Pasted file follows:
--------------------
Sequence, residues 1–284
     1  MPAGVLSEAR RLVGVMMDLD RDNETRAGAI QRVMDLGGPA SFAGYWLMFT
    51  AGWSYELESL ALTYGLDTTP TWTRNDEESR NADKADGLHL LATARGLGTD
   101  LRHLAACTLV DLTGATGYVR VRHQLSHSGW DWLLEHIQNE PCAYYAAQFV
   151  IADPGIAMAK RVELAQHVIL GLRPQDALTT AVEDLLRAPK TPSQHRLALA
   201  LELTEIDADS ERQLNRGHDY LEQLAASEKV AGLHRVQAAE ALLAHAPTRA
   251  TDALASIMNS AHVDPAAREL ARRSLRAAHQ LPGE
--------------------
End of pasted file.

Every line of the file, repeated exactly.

Sequence, residues 1–284
     1  MPAGVLSEAR RLVGVMMDLD RDNETRAGAI QRVMDLGGPA SFAGYWLMFT
    51  AGWSYELESL ALTYGLDTTP TWTRNDEESR NADKADGLHL LATARGLGTD
   101  LRHLAACTLV DLTGATGYVR VRHQLSHSGW DWLLEHIQNE PCAYYAAQFV
   151  IADPGIAMAK RVELAQHVIL GLRPQDALTT AVEDLLRAPK TPSQHRLALA
   201  LELTEIDADS ERQLNRGHDY LEQLAASEKV AGLHRVQAAE ALLAHAPTRA
   251  TDALASIMNS AHVDPAAREL ARRSLRAAHQ LPGE